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Prof. Xue-Yan Liu’s group revealed mechanisms of nitrogen and phosphorus utilization of invasive plants and co-occurring plants in Southwestern China

2018-05-30 154

Exotic plant invasion is an important eco-environmental problem under global changes, causing irreversible declines of plant biodiversity and negative influences on ecological security and economic development. Since entering the Anthropocene, both the number and speed of exotic plant invasion has dramatically increased by human disturbances. Due to the invasion of more than 200 exotic plant species, China has an economic loss over hundreds of billions RMB annually. The Chromolaena odorata and Ageratina adenophora are native herbs in Mexico and noxious invaders in Asia, Oceania, Africa, Europe, and the USA. In the 1940s, they invaded into the mainland of China from Xishuangbanna of Yunnan province and have constituted a severe ecological problem since the 1950s.

To control exotic plant invasion and reduce its negative effects, it is important to understand mechanisms of their invasions and natives’ disappearance/coexistence. So far, environmental ecologists and plant biologists have conducted studies from plant-soil feedbacks, resource competition, nutrients allocation, exudation allelopathy, and seed bank. Nitrogen (N) and phosphorus (P) are the most common limiting nutrients for terrestrial plant growth. Strategies of N and P utilizations are important mechanisms behind plant invasions and natives’ disappearance/coexistence. Using natural stable isotopes to study in-situ plant nutrient utilization in invaded ecosystems is a novel direction in biogeochemistry.

Supported by projects of National Natural Science Foundation of China (41473081, 41522301, 31570598), Professor Liu Xueyan group in the Institute of Surface-Earth System Science, Tianjin University and collaborators in Chinese Academy of Sciences revealed reveals the mechanisms of N and P utilization of invasive plants and co-occurring plants in Southwestern China. They found that abilities of invasive plants to uptake N and P were higher than those of native plants, and increased with the invasive pressure. Ammonium (the dominant inorganic N source) preference over nitrate is a major cause of higher N-uptake abilities in invaders. For co-occurring plants, leaf N concentrations showed that N availability also increased under invasion, leaf P concentrations decreased under invasion.  These results indicated invasion-intensified P competition and lowered P availability for native plants, which is a key reason for distinct decreases of native species with the invasion pressure.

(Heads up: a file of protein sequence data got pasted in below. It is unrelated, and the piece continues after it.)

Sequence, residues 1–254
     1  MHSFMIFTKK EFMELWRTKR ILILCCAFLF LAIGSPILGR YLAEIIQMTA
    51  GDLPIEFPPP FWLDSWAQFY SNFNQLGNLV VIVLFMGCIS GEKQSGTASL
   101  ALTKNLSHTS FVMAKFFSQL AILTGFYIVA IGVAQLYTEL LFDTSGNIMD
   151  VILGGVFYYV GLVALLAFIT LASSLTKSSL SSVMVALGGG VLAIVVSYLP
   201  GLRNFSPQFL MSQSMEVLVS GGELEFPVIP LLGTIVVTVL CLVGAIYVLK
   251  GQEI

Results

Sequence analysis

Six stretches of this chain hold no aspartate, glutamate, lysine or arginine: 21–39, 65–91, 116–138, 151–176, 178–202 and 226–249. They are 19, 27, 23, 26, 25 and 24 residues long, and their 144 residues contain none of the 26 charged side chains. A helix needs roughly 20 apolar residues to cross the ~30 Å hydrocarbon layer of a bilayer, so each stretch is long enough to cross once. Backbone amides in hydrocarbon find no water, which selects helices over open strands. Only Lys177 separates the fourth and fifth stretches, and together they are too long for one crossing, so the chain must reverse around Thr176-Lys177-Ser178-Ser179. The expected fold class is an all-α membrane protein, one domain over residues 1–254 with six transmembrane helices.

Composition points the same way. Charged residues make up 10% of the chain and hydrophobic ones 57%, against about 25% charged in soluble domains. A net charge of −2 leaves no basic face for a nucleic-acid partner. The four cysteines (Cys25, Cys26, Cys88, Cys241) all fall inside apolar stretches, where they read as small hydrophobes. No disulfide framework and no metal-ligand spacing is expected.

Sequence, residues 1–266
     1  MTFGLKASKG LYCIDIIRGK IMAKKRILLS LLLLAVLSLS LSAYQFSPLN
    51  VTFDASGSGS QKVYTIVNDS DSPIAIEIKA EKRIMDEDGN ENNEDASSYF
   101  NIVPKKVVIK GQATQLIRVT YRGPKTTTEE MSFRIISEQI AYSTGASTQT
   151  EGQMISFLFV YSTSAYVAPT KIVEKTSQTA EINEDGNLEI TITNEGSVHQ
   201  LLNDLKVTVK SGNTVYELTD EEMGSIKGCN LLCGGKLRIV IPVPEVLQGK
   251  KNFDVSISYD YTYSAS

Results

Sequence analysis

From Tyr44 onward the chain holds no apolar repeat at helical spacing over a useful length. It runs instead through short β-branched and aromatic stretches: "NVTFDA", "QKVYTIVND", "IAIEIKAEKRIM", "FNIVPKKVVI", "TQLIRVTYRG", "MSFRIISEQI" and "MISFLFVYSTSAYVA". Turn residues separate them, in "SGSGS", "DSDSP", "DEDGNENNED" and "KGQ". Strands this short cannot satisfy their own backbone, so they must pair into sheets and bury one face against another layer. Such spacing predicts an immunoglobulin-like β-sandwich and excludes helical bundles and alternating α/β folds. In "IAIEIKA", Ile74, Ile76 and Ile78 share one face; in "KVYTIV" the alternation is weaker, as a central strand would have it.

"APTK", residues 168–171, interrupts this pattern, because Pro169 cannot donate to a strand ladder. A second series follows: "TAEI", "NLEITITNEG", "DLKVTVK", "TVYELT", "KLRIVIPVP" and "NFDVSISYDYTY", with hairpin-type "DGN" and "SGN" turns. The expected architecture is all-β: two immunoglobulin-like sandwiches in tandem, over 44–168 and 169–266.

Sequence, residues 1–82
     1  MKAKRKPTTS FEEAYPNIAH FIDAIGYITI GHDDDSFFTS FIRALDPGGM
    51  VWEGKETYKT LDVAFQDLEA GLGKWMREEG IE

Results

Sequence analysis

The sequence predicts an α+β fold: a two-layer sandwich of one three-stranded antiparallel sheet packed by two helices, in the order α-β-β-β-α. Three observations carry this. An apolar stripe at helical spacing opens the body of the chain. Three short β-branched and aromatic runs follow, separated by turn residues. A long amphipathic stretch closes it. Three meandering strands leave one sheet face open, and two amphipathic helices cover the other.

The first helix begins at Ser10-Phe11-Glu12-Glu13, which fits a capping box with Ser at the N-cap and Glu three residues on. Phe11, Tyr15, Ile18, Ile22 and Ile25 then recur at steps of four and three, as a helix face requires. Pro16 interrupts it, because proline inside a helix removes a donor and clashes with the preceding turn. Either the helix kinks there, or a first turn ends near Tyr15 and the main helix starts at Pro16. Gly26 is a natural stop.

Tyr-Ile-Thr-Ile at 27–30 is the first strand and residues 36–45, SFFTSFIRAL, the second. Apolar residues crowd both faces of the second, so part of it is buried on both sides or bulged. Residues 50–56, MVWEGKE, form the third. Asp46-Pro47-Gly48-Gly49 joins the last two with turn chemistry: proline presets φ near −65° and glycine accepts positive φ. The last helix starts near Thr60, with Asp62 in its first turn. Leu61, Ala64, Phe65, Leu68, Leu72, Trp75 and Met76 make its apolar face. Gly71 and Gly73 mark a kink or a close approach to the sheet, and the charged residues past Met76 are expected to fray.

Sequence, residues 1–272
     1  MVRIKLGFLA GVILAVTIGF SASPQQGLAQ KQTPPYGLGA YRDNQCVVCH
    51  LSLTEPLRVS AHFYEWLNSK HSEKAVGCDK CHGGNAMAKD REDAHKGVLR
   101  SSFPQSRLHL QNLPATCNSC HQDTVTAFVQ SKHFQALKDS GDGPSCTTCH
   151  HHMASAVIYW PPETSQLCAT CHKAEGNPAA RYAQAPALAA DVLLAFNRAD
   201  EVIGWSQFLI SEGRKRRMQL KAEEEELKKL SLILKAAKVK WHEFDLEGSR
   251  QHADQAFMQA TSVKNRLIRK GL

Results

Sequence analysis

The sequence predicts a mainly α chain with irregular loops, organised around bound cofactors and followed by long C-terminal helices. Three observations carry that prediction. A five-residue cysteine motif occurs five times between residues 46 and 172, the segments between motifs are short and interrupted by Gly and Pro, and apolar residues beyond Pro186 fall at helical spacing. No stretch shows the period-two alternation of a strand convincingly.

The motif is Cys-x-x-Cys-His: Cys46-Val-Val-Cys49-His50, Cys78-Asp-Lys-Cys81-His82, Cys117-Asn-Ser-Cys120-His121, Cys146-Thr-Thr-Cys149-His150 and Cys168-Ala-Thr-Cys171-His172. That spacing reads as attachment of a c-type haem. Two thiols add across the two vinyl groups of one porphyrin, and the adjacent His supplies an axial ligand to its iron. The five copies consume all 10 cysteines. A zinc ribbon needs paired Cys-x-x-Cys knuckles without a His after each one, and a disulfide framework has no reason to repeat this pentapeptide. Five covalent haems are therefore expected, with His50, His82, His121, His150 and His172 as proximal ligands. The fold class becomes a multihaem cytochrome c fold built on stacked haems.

This work enriches the application of isotopic methods in surface-earth N cycling and biological mechanisms. It provides new mechanisms behind plant invasion and coexistence that is useful for better evaluating and predicting exotic invasion and ecological effects. This study was titled “Plant nitrogen and phosphorus utilization under invasive pressure in a montane ecosystem of tropical China” and published online in May 17, 2018. Article information (https://besjournals.onlinelibrary.wiley.com/doi/abs/10.1111/1365-2745.13008):

Chao-Chen Hu; Yan-Bao Lei; Yun-Hong Tan; Xin-Chao Sun; Hao Xu; Cong-Qiang Liu; Xue-Yan Liu*2018, Plant nitrogen and phosphorus utilization under invasive pressure in a montane ecosystem of tropical ChinaJournal of EcologyDOI: 10.1111/1365-2745.13008.

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Figure: Variations of soil N and P availabilities, above-ground productivity, species number, plant N and P utilization with the invasive pressure under Ageratina adenophora and Chromolaena odorata in Xishuangbanna of southwestern China.